I'm not sure what "heart radio" is, but I think there is value in certain types of programs such as news and children's shows to be very prescriptivist with the way they use language for the sake of those still learning it, be they children, immigrants, or foreigners. Once the language is fully learned, you can worry about the whole "some people say it differently and that's ok" thing.
For what it's worth, I only hear "haich" (or more precisely "hech") from Indians here in the US.
@BZ: And when is a language fully learned? Isn't it better to learn to use one variety (from your parents / friends / language teachers) while learning from the start that there are varieties? Otherwise you will get this "what I say is right and everything else is wrong"; the only way to counter that is to acknowledge from the start that there are options.
As for "haitch", I find it quite useful (e.g. on a crackly phone line) to be able to make a clear initial distinction between H and 8. As an ESL speaker, I can choose how to say H (as long as my wife, native UK, doesn't hear me say "haitch" - she hates it!)
And why doesn't anybody ever query the strange fact that the "correct" pronuciation of H doesn't actually contain the sound of the letter? At least "haitch" is more logical in that respect.
I have heard people question it. And the demand that pronunciations be logical sounds a bit prescriptivist to me. I suspect that this is in fact how the 'haitch' pronunciation started; some people felt that pronunciation should be determined by logic, that than by what people in fact generally say.
Of course, once usages become widespread enough, they are part of the language, even if they have prescriptivist roots.
@Dan Hemmens: C, G and Q most certainly include (one of) their sounds: "see" as in cell, cycle etc; "jee" as in gem, gin etc. Q begins with the k-sound which is always part of its English pronunciation. So the only other exception is W, which has a bit of history to go with it.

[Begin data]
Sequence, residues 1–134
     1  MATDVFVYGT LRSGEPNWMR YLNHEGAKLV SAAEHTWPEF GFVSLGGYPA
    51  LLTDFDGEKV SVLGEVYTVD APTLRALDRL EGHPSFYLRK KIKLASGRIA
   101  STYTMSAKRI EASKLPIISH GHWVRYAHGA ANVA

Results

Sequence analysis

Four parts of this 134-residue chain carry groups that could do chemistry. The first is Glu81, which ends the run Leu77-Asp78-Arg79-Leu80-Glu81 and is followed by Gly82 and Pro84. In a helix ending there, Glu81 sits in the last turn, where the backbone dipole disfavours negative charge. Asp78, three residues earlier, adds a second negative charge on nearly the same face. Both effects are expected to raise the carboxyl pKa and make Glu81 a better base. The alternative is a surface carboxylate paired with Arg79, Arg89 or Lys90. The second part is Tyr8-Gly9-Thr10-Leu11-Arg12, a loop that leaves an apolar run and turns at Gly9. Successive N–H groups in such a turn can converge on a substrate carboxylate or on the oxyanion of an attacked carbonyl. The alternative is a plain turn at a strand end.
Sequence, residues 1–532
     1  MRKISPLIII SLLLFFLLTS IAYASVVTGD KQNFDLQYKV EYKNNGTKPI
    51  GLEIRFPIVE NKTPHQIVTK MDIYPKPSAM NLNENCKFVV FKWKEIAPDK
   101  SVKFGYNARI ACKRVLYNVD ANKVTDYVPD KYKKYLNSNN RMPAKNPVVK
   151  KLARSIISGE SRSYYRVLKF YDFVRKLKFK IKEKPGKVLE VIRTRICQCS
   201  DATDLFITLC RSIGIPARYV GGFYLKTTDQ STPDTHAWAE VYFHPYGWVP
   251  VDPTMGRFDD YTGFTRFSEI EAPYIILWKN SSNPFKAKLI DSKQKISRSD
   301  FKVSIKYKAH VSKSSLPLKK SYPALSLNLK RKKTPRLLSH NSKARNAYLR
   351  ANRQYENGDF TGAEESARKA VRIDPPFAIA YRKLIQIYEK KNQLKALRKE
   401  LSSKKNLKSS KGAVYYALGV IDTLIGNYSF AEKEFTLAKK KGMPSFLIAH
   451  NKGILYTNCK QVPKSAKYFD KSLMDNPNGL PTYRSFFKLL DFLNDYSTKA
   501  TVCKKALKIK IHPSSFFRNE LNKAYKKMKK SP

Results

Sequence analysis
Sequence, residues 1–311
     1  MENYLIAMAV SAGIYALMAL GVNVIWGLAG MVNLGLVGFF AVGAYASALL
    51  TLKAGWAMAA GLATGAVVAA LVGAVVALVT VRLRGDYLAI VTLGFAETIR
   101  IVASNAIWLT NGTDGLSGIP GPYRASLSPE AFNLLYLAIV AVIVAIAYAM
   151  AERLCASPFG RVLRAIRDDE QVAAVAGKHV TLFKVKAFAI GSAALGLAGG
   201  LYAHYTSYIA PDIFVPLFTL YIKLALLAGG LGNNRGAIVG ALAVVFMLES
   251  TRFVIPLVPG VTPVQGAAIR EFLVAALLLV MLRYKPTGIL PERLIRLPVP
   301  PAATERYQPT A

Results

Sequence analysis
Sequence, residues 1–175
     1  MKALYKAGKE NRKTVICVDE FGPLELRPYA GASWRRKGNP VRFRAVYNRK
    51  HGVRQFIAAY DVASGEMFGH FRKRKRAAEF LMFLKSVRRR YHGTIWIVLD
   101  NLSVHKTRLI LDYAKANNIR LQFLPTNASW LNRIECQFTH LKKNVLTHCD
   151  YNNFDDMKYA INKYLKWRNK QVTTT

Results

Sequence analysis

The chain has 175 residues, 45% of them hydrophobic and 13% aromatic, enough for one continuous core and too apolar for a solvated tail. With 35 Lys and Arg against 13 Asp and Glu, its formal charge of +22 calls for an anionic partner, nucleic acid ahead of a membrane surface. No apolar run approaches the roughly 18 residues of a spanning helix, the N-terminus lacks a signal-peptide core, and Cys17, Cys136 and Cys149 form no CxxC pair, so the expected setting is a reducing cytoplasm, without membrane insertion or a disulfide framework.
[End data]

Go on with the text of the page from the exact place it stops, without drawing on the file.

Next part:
And of course my comment was slightly tongue-in-cheek, and slightly just the baffled foreigner in whose language letter names are more closely conncted to their pronunciation…
I didn't read the whole comment series closely, but I was surprised to see no mention of the added-H or initial aspiration (parallelling haitch-dropping) that if we're to believe the writers has been a prominent feature of British English from way back, invariably serving as a marker of class or geographic origin. (I am not a linguist, merely a reader)
No quotations I can come up with out of my head, but I'm certain they're in Austen, Kipling, AC Doyle, Waugh, Wodehouse, Amis, many more.
<blockquote@Dan Hemmens: C, G and Q most certainly include (one of) their sounds: "see" as in cell, cycle etc; "jee" as in gem, gin etc. Q begins with the k-sound which is always part of its English pronunciation.
By which token, H begins with a silent h, like honest or hour.
I appreciate that you were mostly joking, and a big part of the issue is that English letters don't *have* a single sound. It's certainly unintuitive, but the names of most English letters are a bit weird.